On July 5, the Hays County Elections Commission will consider a citizen committee recommendation to utilize new election equipment after issues at polling places plagued the November and May elections. The county's current voting equipment is more than 12 years old, Elections Administrator Jennifer Anderson said.
The new equipment does not have a paper trail that can be audited, an attribute which has caused concern among some Hays County residents. On Tuesday, resident Craig Young told the Hays County Commissioners Court he believed the committee failed citizens in recommending equipment that lacks a paper trail.
“There is a groundswell across this country of citizens who are demanding an audit trail,” resident James Keller told the court during the public comment portion of the meeting. “They’re demanding paper. They want to have paper ballots and they want to have the results printed out at the precincts before anything is moved.”
Anderson said making the switch to paper ballots could be difficult because the commissioners court has voiced a desire to implement voting centers, which allow residents to cast election day ballots at any polling place in the county rather than only at their precinct’s polling place. The move could reduce confusion caused by voters who go to the wrong polling place to cast their ballot on election day. However, state law requires that jurisdictions using countywide polling places utilize electronic voting equipment.
Some electronic voting machines, also known as direct recording electronic voting machines, are capable of producing a paper trail, but none have been approved by the state.
“Currently, there are no [direct recording electronic] voting machines that also produce a contemporaneous paper trail certified for use in Texas elections,” said Sam Taylor, communications director for the Texas Secretary of State, in an email. “Such voting systems are not required by statute or the Texas Constitution, nor are they explicitly prohibited.”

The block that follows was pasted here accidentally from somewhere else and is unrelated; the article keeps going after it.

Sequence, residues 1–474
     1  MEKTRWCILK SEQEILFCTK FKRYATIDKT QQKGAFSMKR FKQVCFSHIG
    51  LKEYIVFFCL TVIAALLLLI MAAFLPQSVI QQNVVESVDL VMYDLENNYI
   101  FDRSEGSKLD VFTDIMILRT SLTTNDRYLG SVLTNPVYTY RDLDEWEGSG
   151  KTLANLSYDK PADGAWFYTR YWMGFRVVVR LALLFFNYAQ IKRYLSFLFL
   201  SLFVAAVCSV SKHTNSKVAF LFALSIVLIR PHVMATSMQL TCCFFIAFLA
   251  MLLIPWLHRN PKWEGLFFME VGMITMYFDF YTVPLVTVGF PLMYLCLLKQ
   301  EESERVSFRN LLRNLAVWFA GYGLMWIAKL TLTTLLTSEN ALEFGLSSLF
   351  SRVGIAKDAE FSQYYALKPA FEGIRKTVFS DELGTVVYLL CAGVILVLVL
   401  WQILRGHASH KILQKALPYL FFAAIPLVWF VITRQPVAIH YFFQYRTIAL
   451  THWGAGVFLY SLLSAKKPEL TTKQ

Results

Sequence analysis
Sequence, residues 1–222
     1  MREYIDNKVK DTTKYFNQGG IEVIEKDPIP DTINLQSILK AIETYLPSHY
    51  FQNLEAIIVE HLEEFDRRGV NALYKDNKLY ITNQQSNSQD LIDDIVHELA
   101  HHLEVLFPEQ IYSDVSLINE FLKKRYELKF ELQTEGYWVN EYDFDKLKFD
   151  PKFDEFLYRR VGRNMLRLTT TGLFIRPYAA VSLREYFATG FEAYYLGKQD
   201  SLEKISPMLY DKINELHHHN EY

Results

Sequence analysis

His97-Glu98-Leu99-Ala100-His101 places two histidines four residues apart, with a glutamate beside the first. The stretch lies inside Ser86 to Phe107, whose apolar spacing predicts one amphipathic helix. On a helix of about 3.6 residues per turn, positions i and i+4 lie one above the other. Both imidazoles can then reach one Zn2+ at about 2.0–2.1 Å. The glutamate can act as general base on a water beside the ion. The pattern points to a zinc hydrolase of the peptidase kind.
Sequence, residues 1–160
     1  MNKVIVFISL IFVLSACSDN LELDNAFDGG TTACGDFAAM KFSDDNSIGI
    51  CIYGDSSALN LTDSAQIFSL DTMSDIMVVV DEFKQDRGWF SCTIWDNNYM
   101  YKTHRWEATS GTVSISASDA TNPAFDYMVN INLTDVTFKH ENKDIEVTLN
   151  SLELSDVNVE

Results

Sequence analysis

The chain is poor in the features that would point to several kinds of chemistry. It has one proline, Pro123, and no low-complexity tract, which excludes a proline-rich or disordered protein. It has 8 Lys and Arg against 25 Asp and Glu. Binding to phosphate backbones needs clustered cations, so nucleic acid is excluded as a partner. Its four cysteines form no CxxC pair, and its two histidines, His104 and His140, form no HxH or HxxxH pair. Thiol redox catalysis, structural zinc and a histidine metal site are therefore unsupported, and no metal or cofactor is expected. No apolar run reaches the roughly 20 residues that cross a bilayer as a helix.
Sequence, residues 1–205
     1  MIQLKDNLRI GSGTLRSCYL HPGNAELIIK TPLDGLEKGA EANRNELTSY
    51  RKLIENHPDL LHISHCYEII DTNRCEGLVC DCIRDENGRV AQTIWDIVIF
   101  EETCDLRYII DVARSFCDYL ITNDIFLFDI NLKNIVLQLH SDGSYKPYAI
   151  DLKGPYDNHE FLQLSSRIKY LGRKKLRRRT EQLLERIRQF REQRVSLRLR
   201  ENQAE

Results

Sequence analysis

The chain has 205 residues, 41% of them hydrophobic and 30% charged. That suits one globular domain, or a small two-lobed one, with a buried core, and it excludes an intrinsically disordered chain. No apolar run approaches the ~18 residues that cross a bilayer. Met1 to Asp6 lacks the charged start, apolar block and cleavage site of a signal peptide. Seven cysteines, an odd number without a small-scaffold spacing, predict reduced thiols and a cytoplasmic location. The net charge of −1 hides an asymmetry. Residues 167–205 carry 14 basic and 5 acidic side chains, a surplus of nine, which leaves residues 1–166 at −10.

Taylor said legislative action would not necessarily be required to allow the use of voting equipment that produces a paper trail in countywide polling places. If the Secretary of State's office approved a direct recording electronic voting machine that also had a paper trail, Hays County could begin using that equipment.
The recommended equipment could be retrofitted to allow a paper trail, Anderson said. But state law would have to change before the county could use the paper trail equipment at countywide voting centers.
Sam Brannon, one of the county residents appointed to the elections technology committee, called the committee's process for selecting new equipment "amateur-ish."
“I would call it irresponsible to put this recommendation forward,” he said. “We’re creating a risk of not having any idea of what we’re talking about with this recommendation.”
The election technology committee included Brannon and six other citizens, as well as Jeff McGill, Hays County information technology director; John Adams, Hays County Democratic Party chairman; and Russell Hayter, Hays County Republican Party chairman. Two non-voting members also served on the committee, including Virginia Flores, chief voter registration and election clerk; and Elections Data Programmer Tomas Cardosa. Anderson is chairperson of the committee.
Brannon said he felt most of the committee members had clear affiliations with political parties or the county, and he would prefer to see a new committee formed.
“I don’t see a lot of either wherewithal or even interest in giving [the recommendation] a tighter look, so maybe we just need to appoint a new committee," Brannon said. "In any event, I think whatever report they wind up putting forward needs to be dismissed until we go about looking at it a different way.”
The committee's recommendation will be considered on July 5 at a meeting of the Hays County Election Commission. The commission will then provide a recommendation to the commissioners court, which will make a final decision about voting technology.